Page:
The Fire in Fiction
by Donald Maass
Writer’s Digest Books, 2009
$17.99 paperback, 272 pages
About the Book
We’ve all read them: novels by our favorite authors that disappoint. Uninspired and lifeless, we wonder what happened. Was the author in a hurry? Did she have a bad year? Has he lost interest altogether?
Something similar is true of a great many unpublished manuscripts. They are okay stories that never take flight. They are unoriginal. They don’t grip the imagination, let alone the heart. They merit only a shrug and a polite dismissal by agents and editors. It’s almost as if the author is afraid to truly commit to the story.
It doesn’t have to be that way. In The Fire in the Fiction, successful literary agent and author Donald Maass shows you not only how to infuse your story with deep conviction and fiery passion, but how to do it over and over again. The book features:
• Techniques for capturing a special time and place, creating characters whose lives matter, nailing multiple-impact plot turns, making the supernatural real, infusing issues into fiction, and more.
• Story-enriching exercises at the end of every chapter to show you how apply the practical tools just covered to your own work.
• Rich examples drawn from contemporary novels as diverse as The Lake House, Water for Elephants, and Jennifer Government to illustrate how various techniques work in actual stories.
Plus, Maass introduces an original technique that any novelist can use any time, in any scene, in any novel, even on the most uninspired day … to take the most powerful experiences from your personal life and turn those experiences directly into powerful fiction.
Tap into The Fire in Fiction, and supercharge your story with originality and spark!
About the Author
Donald Maass heads the Donald Maass Literary Agency in New York City, which represents more than 150 novelists and sells more than 150 novels every year to publishers in America and overseas. He is a past president of the Association of Authors Representatives, Inc., and is the author of several books of interest to fiction writers: The Career Novelist (now available as a free download from his agency’s Web site), Writing the Breakout Novel, and Writing the Breakout Novel Workbook. His Web site is www.maassagency.com.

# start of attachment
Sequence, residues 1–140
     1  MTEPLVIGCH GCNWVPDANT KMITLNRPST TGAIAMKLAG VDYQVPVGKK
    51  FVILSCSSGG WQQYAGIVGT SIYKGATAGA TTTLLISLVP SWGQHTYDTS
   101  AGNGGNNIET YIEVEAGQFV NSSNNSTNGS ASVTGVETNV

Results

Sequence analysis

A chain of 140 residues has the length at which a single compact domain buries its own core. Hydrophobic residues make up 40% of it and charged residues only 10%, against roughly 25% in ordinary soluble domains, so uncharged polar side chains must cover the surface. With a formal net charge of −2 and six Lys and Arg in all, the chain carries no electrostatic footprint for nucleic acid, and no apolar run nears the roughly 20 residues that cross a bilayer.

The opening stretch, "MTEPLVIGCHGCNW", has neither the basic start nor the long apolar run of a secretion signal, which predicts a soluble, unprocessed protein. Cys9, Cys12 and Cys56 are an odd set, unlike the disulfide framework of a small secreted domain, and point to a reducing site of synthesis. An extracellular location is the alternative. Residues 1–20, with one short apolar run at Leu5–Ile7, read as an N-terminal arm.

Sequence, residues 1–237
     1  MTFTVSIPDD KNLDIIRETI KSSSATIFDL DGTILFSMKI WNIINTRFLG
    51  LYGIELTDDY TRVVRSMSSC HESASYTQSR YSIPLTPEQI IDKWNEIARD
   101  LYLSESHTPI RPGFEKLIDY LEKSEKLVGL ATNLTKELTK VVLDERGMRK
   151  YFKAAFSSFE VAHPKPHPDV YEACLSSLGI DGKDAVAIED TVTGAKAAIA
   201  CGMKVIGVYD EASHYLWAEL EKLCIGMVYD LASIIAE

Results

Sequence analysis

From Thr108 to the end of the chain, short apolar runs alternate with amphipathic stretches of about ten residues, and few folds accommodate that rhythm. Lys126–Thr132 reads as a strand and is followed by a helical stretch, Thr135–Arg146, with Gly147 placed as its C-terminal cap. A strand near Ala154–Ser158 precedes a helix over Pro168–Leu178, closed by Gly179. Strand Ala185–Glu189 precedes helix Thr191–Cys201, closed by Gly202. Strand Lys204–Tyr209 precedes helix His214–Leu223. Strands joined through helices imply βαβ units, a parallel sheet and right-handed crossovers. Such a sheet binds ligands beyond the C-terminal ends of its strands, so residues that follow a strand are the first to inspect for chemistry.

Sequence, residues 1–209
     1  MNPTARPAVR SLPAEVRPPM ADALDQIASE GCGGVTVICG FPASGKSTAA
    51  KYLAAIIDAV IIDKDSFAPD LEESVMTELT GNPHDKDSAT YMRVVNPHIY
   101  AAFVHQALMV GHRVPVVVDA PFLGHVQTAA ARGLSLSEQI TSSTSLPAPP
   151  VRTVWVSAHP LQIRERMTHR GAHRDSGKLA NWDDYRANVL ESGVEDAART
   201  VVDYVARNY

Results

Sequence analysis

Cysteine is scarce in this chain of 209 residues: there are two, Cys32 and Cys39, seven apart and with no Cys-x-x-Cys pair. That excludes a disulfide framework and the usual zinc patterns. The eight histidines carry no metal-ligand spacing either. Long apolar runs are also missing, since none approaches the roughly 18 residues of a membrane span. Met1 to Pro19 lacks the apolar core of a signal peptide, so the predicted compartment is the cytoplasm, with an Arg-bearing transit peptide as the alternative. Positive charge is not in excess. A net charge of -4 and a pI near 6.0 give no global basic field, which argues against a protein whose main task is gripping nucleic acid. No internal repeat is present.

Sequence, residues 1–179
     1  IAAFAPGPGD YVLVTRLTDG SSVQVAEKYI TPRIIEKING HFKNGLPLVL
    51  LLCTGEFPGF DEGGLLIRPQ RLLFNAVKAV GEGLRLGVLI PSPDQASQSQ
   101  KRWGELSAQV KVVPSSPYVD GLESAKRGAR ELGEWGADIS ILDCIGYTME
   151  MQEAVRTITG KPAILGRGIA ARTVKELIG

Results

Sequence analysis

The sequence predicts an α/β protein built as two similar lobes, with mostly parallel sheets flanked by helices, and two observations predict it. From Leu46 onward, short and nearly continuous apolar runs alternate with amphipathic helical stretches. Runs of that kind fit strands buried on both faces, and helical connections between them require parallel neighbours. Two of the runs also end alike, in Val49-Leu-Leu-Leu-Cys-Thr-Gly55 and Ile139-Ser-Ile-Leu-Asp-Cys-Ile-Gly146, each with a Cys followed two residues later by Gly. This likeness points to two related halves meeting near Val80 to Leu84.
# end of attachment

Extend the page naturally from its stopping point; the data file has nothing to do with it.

Table of Contents
Status Seekers and Storytellers
Playing With Fire
Chapter 1: Protagonists vs. Heroes
Average Joes, Jane Does, and Dark Protagonists
Cutting Heroes Down to Size
Protagonists vs. Heroes
Chapter 2 : Characters Who Matter
Chapter 3: Scenes That Can’t Be Cut
Outer and Inner Turning Points
Striding Forward, Falling Back
First Lines, Last Lines
The Tornado Effect
Chapter 4 : The World of the Novel
Linking Details and Emotions
Measuring Change Over Time
History is Personal
Seeing Through Characters’ Eyes
Conjuring a Milieu
Setting as a Character
Chapter 5: A Singular Voice
Giving Characters Voice
Details and Delivery
Different Ways of Relating a Story
Chapter 6: Making the Impossible Real
The Skeptical Reader
Making Characters Afraid
Focus on Villains
Verisimilitude: Pseudoscience, Genuine Facts
Chapter 7: Hyperreality
The Secrets of Satire
Funny People, Funny Places
Sending Up Society
Chapter 8: Tension All the Time
Tension in Dialogue
Tension in Action
Tension in Exposition
Transforming Low-Tension Traps
Tension Where There Is None
Chapter 9: The Fire in Fiction
Our Common Experience
Our Uncommon Experiences
The Moral of the Story
The Fire in Fiction